The unabated emissions of greenhouse gases have induced major changes in the atmosphere, resulting in unseasonable rainfalls, severe drought and rising sea levels. Scientific Studies have proven that the by 0.8 degrees Celsius rise in temperature have melted glaciers, submerged islands and threatened coastal nations. Arun Nedunchezhian articulates that Villupuram in North Eastern Tamil Nadu has borne the brunt of changing Monsoon and altering average temperature. He underlines the need for social justice for the farmer in this changing environment of people migration by waiving loans and offering subsidized rates for fertilizers.
Dr. Ganesh Hegde has made a case for Dairy Farming which is gripping in its analysis. With an investment of Rs. 1 lakh, 3 cows and subsidized machinery for cleaning cow sheds, cutting grass we can not only have good wholesome milk but market them and make a margin. The only criterion is one move to a hilly area, close to grass land, and opts for a mix of indigenous and mixed breeds. With the breaking up of joint families and with absorption of the youth by urban glitz Dairy Farming is now corporatized as an industry – into a mega enterprise – where the cows just eat and produce milk in large sheds. Leafy foliage, ambling cattle and lazing in the shade are all now sinking into the mists of time.
Prime Minister Narendra Modi said on Monday that India did not create the climate change menace but was suffering its consequences while he delivered a stern message to affluent nations, saying “those with luxury of choices” should sharply reduce emissions. His comments came on the sidelines of a high-stakes United Nations conference in Paris where over 150 world leaders have gathered in a bid to nail down a pact to limit global warming amid deep divisions between rich and poor countries. From the Hindustan Times.
The situation of reedbeds seems irreversible, as the rivers are drying up. What is remaining is being dug and sucked up. The birds who roost and feed their young are ‘demented’ about the changed situation. Thatched homes with straw and reeds which were a common sight is now being rapidly replaced with Tin and Plastic. We probably need to answer the Latin expression Quo Vadis – Where are you going!! Writes Lingaraja Venkatesh. [Picture Above: A Streaked Weaver Bird working on building its nest.]
“Climate Change and Grassroots Adaptation Process” describes case studies carried out in five distinct ecosystems in India. These studies sought to use communities’ knowledge and skills to identify alternative options for livelihood adaptation in the face of changing weather and socioeconomic conditions, therefore reducing vulnerability to longer-term climate change.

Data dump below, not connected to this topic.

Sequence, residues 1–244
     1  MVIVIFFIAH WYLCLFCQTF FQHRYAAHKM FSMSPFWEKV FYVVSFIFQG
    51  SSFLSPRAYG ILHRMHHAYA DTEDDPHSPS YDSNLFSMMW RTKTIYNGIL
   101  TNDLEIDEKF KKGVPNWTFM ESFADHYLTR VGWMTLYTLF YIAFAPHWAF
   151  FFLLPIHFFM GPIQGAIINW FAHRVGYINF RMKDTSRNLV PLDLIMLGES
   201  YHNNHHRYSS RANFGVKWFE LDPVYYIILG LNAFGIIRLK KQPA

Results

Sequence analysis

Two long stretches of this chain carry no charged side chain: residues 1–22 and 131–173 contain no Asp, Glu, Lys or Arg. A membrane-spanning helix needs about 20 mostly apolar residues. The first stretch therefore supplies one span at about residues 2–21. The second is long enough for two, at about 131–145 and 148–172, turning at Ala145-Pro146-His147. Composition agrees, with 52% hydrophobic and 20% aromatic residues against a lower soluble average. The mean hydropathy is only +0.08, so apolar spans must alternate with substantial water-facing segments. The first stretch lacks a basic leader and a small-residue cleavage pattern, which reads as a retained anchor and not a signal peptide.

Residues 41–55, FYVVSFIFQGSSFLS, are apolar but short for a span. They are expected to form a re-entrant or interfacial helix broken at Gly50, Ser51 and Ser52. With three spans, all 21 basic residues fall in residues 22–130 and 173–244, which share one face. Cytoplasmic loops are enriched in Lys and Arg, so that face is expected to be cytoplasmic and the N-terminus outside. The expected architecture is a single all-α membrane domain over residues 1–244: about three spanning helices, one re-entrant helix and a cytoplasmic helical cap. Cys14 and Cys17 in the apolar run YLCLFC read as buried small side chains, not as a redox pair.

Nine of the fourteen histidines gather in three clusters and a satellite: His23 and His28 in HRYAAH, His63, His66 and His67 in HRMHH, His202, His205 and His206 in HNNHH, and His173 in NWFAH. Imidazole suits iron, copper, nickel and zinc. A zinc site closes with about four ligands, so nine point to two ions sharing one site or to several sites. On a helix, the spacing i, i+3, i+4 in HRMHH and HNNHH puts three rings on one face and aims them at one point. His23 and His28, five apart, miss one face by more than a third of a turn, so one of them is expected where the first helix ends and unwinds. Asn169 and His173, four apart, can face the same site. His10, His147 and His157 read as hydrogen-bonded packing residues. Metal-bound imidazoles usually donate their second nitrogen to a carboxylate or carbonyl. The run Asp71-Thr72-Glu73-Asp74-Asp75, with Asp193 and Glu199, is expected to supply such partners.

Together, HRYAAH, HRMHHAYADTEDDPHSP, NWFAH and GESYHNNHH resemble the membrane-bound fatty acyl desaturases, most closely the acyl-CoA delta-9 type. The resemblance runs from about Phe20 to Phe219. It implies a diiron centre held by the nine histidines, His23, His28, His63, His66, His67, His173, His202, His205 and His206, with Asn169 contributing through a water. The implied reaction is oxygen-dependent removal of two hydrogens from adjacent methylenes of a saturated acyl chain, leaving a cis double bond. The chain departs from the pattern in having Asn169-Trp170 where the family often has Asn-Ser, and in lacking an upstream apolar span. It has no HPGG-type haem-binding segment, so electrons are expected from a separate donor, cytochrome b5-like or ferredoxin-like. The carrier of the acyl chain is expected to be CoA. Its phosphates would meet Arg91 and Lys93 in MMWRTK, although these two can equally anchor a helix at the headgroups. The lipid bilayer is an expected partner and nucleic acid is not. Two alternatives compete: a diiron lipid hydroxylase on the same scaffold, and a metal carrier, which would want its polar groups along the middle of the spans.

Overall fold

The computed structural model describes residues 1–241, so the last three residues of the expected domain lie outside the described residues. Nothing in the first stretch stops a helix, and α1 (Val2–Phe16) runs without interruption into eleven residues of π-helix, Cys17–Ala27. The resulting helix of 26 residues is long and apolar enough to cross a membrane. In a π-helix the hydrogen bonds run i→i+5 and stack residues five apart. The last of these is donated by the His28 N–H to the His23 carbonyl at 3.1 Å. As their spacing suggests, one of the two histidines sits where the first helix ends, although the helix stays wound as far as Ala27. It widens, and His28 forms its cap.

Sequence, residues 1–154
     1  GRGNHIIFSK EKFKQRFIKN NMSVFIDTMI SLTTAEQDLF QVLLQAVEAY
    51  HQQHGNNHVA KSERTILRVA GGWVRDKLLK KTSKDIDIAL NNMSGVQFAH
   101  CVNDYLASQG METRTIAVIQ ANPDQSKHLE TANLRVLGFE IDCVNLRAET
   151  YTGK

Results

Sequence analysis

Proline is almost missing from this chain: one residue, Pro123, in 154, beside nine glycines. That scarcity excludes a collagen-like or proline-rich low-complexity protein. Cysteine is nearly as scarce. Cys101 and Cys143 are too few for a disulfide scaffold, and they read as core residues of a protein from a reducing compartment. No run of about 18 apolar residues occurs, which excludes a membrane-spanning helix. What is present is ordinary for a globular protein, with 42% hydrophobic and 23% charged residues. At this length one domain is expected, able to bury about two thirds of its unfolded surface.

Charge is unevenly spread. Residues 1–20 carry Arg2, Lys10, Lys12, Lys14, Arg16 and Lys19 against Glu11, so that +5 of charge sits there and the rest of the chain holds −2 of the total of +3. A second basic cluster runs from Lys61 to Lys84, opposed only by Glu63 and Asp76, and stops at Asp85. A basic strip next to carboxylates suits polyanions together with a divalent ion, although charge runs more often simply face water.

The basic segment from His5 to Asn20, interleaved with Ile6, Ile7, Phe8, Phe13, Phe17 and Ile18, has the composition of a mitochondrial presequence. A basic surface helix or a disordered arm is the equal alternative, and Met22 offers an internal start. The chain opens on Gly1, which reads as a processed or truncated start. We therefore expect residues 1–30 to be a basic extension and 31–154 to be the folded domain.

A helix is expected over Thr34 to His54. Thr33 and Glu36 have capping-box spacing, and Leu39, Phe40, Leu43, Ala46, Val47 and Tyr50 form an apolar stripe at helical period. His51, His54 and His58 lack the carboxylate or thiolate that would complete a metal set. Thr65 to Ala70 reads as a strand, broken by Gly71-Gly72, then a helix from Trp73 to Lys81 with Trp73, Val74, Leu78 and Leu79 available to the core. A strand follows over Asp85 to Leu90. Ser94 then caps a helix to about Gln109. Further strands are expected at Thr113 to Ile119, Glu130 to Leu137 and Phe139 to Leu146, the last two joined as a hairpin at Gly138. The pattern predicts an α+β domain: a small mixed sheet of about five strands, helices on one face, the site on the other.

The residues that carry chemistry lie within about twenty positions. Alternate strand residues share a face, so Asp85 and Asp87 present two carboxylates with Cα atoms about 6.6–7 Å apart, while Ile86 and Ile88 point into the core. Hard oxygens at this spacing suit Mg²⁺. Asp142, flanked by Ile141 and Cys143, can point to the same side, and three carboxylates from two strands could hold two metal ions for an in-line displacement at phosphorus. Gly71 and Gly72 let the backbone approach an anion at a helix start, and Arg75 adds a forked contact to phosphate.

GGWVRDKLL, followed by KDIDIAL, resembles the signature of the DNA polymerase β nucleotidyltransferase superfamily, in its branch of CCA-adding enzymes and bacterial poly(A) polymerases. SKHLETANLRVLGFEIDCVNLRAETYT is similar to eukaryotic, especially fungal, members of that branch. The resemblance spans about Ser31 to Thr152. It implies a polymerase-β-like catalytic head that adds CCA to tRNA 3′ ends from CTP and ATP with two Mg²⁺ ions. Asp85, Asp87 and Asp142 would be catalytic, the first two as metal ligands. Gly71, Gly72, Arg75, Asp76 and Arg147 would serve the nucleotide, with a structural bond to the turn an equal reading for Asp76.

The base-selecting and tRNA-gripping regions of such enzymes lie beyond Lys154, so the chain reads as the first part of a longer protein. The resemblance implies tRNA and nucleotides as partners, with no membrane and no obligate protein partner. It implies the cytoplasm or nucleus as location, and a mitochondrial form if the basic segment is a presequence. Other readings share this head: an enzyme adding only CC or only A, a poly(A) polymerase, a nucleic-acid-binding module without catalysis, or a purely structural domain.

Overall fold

Nepali farmers find environmentally-friendly cultivation methods increase yields – and also help them adapt to rising temperatures and increasingly erratic rainfall. From Climate News Network.
The rampant municipal solid waste problem in India and its mismanagement is pointed out through a case study of the Bangalore Municipality. The author Kathyayini Chamaraj critically evaluates the pros and cons of the MSW Rules and particularly the aspects of segregation and collection.
A sustainable society does not fall from the sky nor does it just happen one fine morning. It has to be created through a long and arduous process. There are innumerable nuances and principles that are involved.
Where and how does one get these across to people? Where are the forums? I believe that the best place to begin this process of creation of such a society is in the classroom – with children. Here lies our future!
Many of us have struggled for and with the poor for over four decades now. We have fought human rights abuses, land alienation, untouchability, feudalism and violence against women.
We have mostly won major victories and changed the lives of the poor with whom we had worked. But forty years down the line, most of us are faced with the stark fact that fighting poverty and fighting for the economic rights of our people is now virtually impossible, and moved beyond our control.
From easily identified local exploitative individuals, the forces causing poverty have moved to new, distant, complex structures way beyond the reach of communities. The blame is now conveniently laid on catch phrases such as market forces, globalisation, liberalization. But the question still remains as to how one deals with these faceless forces? Writes Stan Thekaekara